"Over the great bridge, with sunlight through the girders making a constant flicker upon the moving cars, with the city rising up across the river in white heaps and sugar lumps all built with a wish out of non-olfactory money. The city seen for the first time, in its first wild promise of all the mystery and the beauty in the world." F. Scott Fitzgerald
New York is a city of anachronism. As I wandered the sidewalks for the first time in September last year, a sense of deja vu prevailed. The sights and smells were strangely familiar though until now, I had witnessed through other’s senses and not my own. But there I was one morning at twilight on the perimeter of Central Park, walking over metal grills that resonated with the thunder of the subway trains beneath. Vocal strains of station announcements drifted through them to meet the clouds of steam that billowed from precariously sited chimneys in the road. As the sky developed its first inky blue tones of the day, runners, dog walkers and boxy yellow school buses rattling hard along the street began to increase conspicuously in number. Occasionally one would lurch to a halt, a door flying open to swallow up a young person, before flying off perpendicularly into the adjoining street to continue on its way.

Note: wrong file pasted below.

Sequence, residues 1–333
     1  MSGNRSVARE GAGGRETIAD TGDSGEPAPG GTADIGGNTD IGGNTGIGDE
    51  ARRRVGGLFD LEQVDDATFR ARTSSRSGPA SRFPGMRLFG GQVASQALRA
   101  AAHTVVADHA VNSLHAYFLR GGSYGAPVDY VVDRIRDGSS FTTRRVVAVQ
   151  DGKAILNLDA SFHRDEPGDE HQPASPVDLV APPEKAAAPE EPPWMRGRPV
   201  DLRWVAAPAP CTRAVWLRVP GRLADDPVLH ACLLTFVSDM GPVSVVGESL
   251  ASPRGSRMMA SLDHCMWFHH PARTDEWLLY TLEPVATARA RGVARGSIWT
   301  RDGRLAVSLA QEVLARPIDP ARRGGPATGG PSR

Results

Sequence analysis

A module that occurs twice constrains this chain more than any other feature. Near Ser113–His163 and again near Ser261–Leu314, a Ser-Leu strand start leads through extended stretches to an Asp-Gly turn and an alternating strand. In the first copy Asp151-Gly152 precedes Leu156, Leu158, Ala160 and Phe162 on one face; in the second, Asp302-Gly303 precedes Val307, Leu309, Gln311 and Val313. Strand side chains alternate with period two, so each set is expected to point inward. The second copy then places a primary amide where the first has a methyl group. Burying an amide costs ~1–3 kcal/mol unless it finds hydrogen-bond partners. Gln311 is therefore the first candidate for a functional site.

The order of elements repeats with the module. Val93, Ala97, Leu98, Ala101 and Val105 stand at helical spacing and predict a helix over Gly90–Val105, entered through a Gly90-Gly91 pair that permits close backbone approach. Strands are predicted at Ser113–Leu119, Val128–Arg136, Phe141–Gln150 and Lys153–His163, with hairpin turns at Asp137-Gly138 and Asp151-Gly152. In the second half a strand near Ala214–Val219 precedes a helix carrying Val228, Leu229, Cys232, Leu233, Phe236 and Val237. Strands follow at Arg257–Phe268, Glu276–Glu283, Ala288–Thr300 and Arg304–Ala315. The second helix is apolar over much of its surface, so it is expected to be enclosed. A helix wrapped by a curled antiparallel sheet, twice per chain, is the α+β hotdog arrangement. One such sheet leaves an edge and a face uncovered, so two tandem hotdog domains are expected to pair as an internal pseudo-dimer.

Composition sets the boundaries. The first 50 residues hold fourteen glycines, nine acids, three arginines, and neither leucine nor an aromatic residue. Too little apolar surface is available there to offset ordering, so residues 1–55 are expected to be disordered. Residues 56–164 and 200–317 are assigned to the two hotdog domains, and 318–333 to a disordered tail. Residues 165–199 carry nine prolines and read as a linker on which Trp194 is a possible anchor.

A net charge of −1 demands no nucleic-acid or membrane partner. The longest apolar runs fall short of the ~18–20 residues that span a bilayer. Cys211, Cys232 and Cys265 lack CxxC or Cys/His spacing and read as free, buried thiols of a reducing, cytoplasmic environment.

Unlike the school buses, the shape of the yellow cabs had evolved a little since the 50s... only a little, morphing into sleeker dynamic advertisements with roof top fins that cut through the sea of traffic like metal sharks. A low slung motorcycle with expansive chrome, leather panniers and a number plate that simply read LUV NYC was parked opposite the El Dorado Hotel. Was I an extra in a movie? If I was then I was joining a team of street cleaners, park attendants and steady commuters… and the set illumination was coming only from the street lights overhead which were soon to flicker off.
I pinched myself... No! I was in Manhattan for real at the behest of two dear friends rather than any movie company.
As the sun rose, I walked through a succession of shadows punctuated by roads with frenzied beeping traffic. Whilst my backpack weight made its presence felt and my pace slowed, I could not fail to appreciate both the vertical Y and street length X axis dimensions which seemed immediately improportionate. Steel and concrete structures occasionally touching the clouds had become the ostentatious material representation of a wealth which had, generations before, been solely in the mind and Babel Hebrew scriptures. But this city had defiantly disregarded the messages of Old in its relentless drive for financial growth and renewal with ever bolder architectural, artistic, commercial and political statements… in fact, the spirit of New York had become over decades the aspirational flame that attracted the eyes of the World, terrorists in 2001, and most recently, the voice of political resistance to President Trump’s contentious legislature.
"A hundred times I have thought New York a disaster, and fifty times, it is a beautiful disaster." Le Corbusier - architect